REVIEW / It was, quite literally, the death of the chat show

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The Independent Culture
IN HISTORIES of the chat show that have yet to be written, analysts will come to identify last night as the moment when the genre finally went belly-up. This is not necessarily because Knowing Me, Knowing You . . . with Alan Partridge (BBC 2) is the devastating body blow that TV natter so pointedly deserves, though it could be. It's more because the advent of Partridge on the same evening that Clive Anderson Talks Back (C4) returned for yet another series means that television now hosts more spoof chat shows than it does real chat shows.

Just as the devastation wrought by Dickens's portraits of workhouses, Yorkshire schools and debtors' prisons was somewhat mitigated by the fact that his targets were already either obsolescent or obsolete, Steve Coogan's permed and toupeed prey have already been slain. That thudding sound you hear when you watch Knowing Me, Knowing You is not the bullet being fired by a dead-eye marksman but a hammer banging one final nail into a coffin.

Still, Coogan is handy with a hammer. Partridge's apprenticeship on Radio 4 unveiled a bilious gargoyle with every finely sculpted detail in place apart from the one that radio cannot provide. As well as some fairly standard sight gags - the horse droppings in shot just behind Partridge's chair, the piddling fountain of knowledge ('to symbolise the show') - there are subtler joys to be gleaned from seeing as well as hearing mein host. Partridge's blazer, for example, is the colour of his voice, a sort of chortling Home Counties burgundy that reeks of ghastly self-satisfied bonhomie. Coogan does Partridge's mouth brilliantly too, curling it up on one side and holding it open as if it's just too plump with chat to close. Some of the visual stuff works less well.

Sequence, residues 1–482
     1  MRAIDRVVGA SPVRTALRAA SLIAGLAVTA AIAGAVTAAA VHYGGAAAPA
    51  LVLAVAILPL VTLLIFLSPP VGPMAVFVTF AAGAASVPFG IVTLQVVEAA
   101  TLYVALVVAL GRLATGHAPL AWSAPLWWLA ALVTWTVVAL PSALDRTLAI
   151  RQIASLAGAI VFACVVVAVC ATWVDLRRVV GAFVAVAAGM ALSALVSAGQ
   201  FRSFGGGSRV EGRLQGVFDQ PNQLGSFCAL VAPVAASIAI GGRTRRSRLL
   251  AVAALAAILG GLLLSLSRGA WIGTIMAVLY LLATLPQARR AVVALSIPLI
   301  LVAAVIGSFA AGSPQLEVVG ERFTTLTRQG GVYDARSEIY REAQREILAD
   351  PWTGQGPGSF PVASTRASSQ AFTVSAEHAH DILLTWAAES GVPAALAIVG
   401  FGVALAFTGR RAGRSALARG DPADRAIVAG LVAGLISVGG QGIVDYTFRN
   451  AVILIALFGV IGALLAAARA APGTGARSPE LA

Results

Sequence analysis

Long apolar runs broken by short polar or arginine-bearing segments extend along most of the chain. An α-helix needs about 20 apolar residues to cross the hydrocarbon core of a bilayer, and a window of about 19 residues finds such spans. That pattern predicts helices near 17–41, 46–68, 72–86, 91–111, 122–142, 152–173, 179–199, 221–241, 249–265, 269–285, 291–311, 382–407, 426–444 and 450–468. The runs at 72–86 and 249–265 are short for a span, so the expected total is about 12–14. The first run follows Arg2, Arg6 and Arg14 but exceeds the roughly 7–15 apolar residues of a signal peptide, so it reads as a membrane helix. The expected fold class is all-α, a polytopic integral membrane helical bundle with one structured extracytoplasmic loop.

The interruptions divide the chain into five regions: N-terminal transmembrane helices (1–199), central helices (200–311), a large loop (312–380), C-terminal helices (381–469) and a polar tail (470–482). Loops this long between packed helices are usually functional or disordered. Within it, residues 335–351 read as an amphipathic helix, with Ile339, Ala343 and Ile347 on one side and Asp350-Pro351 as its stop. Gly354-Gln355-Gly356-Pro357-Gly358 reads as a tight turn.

The joke of modelling the set on the foyer of a top international hotel is less in the seeing than in the telling. The Roger Moore Room, set aside for the showpiece interview, was not as funny as the announcement in Partridge's earpiece that 'Roger Moore has just passed Heston Services'. The deadliest weapon of Coogan and his co-writers Patrick Marber and Armando Iannucci is their ear: Heston Services has undefinable comic properties, just like the inch-perfect name of the house band perched aloft in the 'musical mezzanine', Chalet.

The guests were well-observed and well-named too: Sue Lewis, Rebecca Front's breathy, monosyllabic show- jumper, was just right as the chat-show guest from whom you get no change whatsoever. When Keith Hunt, Marber's japey Northern television personality, called Partridge 'Al', it was the kind of detail that only surfaces once the character's entire biography has been previously plotted.

Alas, Partridge's favourite Bond didn't show, and he had to fumble his way through to the end of the show with insufficient material. This unearthed toe- curling memories of the time when Clive Anderson, standing in for Wogan and finding himself unable to talk to Bernard Manning any longer, was caught short by several minutes and had to busk it to the credits. Craig Charles, like Keith Hunt here, mercilessly pointed out that Anderson was dying on live television. This was a case of a send-up being so exact it immolated itself as well as its intended target.

Anyway, chat isn't completely dead, or not if the cast is right. On This Morning (ITV), where you find so many plugs it looks like the electrical department of a medium-sized DIY warehouse, Richard and Judy welcomed a pair of Avengers, Dame Diana Rigg and Joanna Lumley. As the pheromones fulminated on the sofa, you could picture them eating Partridge for breakfast.